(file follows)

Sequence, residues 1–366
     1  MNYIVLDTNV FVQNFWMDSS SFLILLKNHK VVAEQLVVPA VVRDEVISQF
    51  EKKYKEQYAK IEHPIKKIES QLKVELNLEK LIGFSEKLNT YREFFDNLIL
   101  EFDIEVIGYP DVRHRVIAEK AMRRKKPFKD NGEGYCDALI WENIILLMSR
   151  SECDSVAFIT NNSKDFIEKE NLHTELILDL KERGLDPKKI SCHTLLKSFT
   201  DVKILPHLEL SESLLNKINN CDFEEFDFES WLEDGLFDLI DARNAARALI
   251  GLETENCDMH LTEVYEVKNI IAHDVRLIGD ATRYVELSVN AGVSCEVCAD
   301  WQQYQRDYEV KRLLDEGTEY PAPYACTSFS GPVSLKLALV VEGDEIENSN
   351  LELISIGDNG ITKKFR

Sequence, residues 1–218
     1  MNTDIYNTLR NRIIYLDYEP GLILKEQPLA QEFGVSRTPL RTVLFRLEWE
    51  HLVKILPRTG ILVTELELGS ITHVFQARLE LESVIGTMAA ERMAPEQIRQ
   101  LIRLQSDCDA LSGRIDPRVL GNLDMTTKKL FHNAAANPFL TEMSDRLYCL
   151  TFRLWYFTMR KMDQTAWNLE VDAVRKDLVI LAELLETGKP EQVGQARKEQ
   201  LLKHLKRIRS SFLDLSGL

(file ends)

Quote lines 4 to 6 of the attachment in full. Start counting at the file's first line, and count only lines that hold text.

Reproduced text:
   101  EFDIEVIGYP DVRHRVIAEK AMRRKKPFKD NGEGYCDALI WENIILLMSR
   151  SECDSVAFIT NNSKDFIEKE NLHTELILDL KERGLDPKKI SCHTLLKSFT
   201  DVKILPHLEL SESLLNKINN CDFEEFDFES WLEDGLFDLI DARNAARALI